After looking at the external impacts of religion on the access to food it is now crucial to bring in domestic identity factors to draw more precise conclusions on the Politics of Food within the Region.
The politics of food within East Africa calls for an attention on identity factors. Thus, after previously focusing on Religion I will not focus on domestic factors.
Ethnicity within the region creates issues in relation to food. In the states that arguably have more visible ethnic divides, there are clearer effects on politics and preferences owing to these divisions. In states such as Ethiopia and Somalia this is very visible with Somali authorities holding a strong belief that those residing in Southern Ethiopia belong in Somalia, as highlighted by Englebert and Dunne; ethnicity has clearly affected policies of development and access to food because historically the Somali authorities have sort to annex this region, subsequently affecting food security and development domestically and internationally as neither access to food or developmental tools can occur during a state of conflict as Alinovi, Gunter and Luca point out. Such issues were created by the imposition of state boundaries by colonialist powers. The impacts of ethnicity in the region show both a domestic and internationally historic effect on the access to food because evidently ethnicity does cross the colonial borders which I argue affects the ability to coordinate with other nations as desertification hits a certain area. Ultimately, ethnic conflicts particularly in the north of the region have severely affected the coordination of policies to ensure equitable access to food for all. On a micro scale, ethnicity also affects politics domestically as it is likely that politicians belonging to a certain ethnic group will seek to aid this group over others as shown in Burundi by Englebert and Dunne.
Ethnicity clearly has domestic origins, which therefore leds me to focus on other domestically based factors. In east Africa this means the impact the local environment has on modes of production and uses of land. Resource wise, as research from the CIA world fact book shows, 1/3 of the Kenyan economy is agricultural, in Burundi this equates to 90% and in Ethiopia this equals more than 80% of the populations livelihoods. There is therefore a need to focus on policies that improve agricultural production in order to prevent a food crisis. This is essential owing to the need to prevent threats to human security which under the United Nations Development Program, was defined in 1994 as the need to include freedom from fear and want within a definition of security. With this high reliance on agriculture, climate change clearly does pose a threat toward human security because of the domestic divides between ethnicity and gender as previously discussed which have led to unequal access to food. Therefore, ethnic groups that are discriminated against by government regimes and women, are at a greater risk of suffering when there is limited access to resources owing to climate change. What this means is that internal factors will play a more incremental role in the access to food as agricultural production decreases. This is because much of the economies and internal trade is clearly based on farming in this region as indicated in the data above, thus when production goes down there will be less resources and money available to provide sufficient food, which will lead to inequitable access due to power divisions which will I argue underline any policies of distribution.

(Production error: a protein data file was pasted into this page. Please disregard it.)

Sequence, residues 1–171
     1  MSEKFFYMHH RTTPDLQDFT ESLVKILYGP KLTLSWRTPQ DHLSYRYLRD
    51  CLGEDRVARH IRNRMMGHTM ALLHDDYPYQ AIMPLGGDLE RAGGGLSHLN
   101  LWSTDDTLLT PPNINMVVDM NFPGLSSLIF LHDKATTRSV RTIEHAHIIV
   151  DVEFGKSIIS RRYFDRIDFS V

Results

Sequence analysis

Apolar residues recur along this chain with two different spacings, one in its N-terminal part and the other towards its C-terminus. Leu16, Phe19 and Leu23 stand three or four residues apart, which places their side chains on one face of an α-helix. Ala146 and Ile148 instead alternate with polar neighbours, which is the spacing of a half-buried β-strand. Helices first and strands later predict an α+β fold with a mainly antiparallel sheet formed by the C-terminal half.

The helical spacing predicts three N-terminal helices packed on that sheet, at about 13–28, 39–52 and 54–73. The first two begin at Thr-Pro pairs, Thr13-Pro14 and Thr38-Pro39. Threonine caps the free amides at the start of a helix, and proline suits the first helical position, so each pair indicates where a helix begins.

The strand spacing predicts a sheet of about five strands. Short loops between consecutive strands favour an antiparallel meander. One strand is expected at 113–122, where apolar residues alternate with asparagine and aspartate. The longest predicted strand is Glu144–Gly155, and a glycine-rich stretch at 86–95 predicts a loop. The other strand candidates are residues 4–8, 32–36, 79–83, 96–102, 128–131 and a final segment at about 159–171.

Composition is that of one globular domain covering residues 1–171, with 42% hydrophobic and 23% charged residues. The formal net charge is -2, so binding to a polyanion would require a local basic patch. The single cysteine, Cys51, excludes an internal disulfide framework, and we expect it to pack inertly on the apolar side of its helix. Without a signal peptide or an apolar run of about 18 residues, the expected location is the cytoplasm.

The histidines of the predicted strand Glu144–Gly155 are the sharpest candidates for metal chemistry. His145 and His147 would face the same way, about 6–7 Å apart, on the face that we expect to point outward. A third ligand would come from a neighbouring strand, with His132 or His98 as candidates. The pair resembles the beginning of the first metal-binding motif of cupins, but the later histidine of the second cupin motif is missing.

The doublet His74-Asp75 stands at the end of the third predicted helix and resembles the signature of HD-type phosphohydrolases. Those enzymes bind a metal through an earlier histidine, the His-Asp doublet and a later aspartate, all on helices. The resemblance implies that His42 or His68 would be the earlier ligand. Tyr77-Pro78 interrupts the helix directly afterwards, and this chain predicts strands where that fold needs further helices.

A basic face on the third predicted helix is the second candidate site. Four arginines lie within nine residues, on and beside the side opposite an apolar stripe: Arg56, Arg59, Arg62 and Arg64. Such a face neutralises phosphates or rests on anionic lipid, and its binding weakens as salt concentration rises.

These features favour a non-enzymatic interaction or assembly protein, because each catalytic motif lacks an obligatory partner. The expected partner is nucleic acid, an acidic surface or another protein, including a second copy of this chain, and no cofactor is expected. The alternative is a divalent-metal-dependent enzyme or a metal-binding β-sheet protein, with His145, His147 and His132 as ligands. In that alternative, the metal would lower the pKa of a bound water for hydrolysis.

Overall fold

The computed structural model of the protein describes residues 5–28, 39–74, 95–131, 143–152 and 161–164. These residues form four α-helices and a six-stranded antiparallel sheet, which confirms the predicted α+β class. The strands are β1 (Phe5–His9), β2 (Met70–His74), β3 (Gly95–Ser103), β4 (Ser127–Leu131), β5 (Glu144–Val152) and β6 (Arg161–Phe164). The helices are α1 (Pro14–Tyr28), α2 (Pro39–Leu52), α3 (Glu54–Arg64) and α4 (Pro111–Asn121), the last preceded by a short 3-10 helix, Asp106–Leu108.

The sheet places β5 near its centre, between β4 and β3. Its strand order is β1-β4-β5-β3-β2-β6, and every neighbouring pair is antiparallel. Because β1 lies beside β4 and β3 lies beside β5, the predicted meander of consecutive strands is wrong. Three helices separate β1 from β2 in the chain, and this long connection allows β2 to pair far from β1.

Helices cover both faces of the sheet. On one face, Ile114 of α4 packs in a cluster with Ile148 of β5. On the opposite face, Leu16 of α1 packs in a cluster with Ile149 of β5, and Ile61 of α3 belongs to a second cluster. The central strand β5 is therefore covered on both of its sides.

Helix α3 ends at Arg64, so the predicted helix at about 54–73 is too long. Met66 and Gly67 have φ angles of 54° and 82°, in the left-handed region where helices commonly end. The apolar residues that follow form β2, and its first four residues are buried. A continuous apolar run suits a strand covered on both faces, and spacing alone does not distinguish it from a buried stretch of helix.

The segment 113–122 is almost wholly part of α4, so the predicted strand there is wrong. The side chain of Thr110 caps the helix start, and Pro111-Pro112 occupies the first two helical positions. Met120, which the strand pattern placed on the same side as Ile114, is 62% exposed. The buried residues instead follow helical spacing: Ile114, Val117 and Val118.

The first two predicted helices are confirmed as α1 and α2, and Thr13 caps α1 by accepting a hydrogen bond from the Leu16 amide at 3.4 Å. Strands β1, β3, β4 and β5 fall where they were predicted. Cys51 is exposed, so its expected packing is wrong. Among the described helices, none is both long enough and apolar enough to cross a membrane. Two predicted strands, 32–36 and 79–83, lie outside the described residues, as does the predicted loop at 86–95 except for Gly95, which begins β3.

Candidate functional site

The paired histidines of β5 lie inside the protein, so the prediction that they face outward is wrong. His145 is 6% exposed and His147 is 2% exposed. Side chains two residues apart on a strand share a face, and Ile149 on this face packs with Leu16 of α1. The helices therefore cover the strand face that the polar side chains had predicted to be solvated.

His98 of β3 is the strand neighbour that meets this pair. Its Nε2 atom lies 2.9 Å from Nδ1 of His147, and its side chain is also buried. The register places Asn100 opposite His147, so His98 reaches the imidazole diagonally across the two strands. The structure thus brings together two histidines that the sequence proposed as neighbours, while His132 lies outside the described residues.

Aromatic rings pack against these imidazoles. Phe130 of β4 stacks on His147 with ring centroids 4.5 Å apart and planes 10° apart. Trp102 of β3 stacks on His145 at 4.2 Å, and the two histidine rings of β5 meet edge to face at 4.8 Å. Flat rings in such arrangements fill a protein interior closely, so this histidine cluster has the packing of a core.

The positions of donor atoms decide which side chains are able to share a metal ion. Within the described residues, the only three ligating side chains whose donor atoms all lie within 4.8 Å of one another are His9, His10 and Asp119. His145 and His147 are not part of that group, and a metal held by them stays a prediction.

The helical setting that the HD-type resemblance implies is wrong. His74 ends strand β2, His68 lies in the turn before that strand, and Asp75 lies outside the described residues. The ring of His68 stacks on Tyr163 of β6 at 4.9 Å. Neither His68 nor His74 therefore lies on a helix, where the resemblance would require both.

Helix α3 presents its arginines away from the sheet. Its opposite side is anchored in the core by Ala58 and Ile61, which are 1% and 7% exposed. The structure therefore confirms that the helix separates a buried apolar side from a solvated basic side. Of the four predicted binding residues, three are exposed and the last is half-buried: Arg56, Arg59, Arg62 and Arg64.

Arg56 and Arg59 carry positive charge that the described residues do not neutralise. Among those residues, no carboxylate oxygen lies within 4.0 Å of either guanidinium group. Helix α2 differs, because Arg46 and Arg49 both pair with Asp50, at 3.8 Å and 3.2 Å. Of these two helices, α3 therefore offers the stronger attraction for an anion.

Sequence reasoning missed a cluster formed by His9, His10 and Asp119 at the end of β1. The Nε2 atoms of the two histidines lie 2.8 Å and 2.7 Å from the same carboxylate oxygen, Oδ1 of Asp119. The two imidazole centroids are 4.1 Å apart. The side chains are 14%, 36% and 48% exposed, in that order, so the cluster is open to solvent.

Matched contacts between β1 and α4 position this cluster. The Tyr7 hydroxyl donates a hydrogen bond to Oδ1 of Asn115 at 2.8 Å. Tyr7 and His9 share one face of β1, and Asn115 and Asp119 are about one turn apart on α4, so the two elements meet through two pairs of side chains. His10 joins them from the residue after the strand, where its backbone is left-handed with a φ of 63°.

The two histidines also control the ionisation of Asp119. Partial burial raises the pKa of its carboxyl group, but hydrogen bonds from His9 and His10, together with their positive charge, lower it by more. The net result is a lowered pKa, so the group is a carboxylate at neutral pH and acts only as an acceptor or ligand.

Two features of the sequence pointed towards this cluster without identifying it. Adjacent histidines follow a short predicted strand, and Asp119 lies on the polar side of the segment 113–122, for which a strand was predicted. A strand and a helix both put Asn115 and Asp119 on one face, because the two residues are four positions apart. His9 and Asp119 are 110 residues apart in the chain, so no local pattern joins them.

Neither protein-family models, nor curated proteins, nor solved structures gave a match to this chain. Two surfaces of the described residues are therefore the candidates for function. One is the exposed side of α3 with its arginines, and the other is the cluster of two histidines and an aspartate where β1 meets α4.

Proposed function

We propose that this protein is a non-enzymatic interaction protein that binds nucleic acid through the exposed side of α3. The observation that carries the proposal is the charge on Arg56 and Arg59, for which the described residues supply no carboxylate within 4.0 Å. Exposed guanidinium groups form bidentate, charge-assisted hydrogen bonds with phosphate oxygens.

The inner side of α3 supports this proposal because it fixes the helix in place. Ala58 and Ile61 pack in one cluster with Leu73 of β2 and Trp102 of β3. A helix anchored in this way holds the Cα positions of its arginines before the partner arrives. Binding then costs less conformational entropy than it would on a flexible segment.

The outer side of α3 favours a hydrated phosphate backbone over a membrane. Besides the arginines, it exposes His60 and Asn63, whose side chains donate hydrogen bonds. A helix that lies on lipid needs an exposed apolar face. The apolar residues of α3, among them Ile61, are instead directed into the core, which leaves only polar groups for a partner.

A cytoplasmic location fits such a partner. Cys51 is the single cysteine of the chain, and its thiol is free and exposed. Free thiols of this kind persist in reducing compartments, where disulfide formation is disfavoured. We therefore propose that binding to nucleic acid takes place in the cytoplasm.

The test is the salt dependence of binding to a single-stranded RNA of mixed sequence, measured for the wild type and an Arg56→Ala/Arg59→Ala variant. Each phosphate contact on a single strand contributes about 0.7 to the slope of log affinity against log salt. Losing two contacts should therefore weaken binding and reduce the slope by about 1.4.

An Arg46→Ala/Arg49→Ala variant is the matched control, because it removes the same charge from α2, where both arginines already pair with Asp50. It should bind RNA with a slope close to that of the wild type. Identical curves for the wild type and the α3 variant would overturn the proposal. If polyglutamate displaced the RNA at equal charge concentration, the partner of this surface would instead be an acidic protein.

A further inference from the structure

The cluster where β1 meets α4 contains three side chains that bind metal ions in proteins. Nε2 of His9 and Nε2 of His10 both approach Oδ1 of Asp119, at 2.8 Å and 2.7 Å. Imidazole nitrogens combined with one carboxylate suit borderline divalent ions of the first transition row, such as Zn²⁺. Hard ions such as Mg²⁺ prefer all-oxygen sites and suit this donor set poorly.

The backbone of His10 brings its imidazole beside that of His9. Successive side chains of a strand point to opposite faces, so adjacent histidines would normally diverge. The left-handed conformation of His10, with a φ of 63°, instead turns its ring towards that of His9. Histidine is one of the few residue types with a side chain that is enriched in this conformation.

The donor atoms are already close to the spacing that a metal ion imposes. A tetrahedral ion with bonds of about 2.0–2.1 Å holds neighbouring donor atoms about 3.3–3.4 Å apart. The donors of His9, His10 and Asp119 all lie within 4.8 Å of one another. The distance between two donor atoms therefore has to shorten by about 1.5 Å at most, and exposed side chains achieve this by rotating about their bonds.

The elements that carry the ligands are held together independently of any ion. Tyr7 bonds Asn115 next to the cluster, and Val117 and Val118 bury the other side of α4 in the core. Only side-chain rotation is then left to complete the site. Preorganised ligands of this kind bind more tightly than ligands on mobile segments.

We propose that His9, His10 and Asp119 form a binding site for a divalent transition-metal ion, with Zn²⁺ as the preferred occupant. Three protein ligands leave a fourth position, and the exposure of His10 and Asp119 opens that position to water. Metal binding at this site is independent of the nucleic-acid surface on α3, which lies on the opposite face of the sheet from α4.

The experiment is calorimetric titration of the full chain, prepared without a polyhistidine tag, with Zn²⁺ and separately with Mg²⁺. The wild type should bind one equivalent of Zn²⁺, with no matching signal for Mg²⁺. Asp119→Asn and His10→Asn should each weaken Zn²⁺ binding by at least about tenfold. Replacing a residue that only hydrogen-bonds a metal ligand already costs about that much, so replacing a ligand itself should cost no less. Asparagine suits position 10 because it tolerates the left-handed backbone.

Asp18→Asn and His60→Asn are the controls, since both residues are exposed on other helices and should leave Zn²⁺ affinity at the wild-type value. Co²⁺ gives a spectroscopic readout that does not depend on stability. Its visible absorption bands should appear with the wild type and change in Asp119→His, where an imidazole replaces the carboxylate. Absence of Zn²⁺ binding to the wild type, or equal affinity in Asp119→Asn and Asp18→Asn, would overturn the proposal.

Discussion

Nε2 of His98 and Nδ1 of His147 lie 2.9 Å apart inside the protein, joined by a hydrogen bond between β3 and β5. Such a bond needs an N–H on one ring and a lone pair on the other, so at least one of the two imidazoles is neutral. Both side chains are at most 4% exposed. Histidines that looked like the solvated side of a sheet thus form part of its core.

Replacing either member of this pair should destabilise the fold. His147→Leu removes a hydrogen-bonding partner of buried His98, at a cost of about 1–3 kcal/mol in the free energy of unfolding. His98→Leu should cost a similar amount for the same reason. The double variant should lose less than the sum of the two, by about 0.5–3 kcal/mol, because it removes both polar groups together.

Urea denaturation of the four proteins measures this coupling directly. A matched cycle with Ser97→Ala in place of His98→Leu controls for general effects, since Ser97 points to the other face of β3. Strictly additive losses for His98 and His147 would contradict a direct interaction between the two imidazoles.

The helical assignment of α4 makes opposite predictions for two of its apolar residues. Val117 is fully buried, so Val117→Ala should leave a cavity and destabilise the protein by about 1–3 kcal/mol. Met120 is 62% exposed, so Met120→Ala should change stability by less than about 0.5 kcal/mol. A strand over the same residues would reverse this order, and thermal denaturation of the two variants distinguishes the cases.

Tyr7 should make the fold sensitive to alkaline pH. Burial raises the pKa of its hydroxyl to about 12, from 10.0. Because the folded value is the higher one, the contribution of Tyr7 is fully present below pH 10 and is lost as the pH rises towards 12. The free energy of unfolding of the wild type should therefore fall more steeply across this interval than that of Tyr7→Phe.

In acknowledging these power relationships ethnicity and gender as talked about previously, it is alarming that we see a high incidence of famine in the region,such as in The Ethiopian Famine of 1983-86 which begun as a result of political chaos, strong ethnic ties and crop failure.
Further issues related to food and politics can be revealed when looking at the recent escalation in Somalia. In this example Ethnicity has been key as the famine is affected only specific regions and therefore only specific ethnic groups within the country.
In focusing on famine what the above shows is that owing to the geography of the region which has meant that it is prone to failed rainy seasons as argued by Miller, the fact that domestically the majority of the countries in this religion rely on agriculture for food production and income shows that climate change poses a major issue to this region. This is particularly true when looking at the effects that this will have on those marginalized within the societies owing to their membership to a particular ethnic group with 2.8 million people in south Somalia facing hunger as shown by Raghavan 2011.
There are however regional differences. Kenya, Zimbabwe and Djibouti, are fairly stable countries, with better access to food resources. Evidently, despite experiencing high levels of economic mismanagement the likelihood of famine is reduced. When considering all of the above factors this is perhaps due to greater levels of assimilation and unification under colonialism due to modes of direct rule and settler colonies that existed within these states. Arguably this meant that their political structures and societal structures were more likely to reduce the effects of ethnicity in particularly. More over each of the aforementioned states lack either a dependent on agriculture (Djibouti), or the Sufism does not form a major part of their culture (Kenya and Zimbabwe), which would suggest owing to my previous arguments that there will be more equitable access to food.
Ultimately in East Africa, due to issues of identity, limited access to food leads to skewed access as well as discriminative legislation which can seriously affect the majority of the population.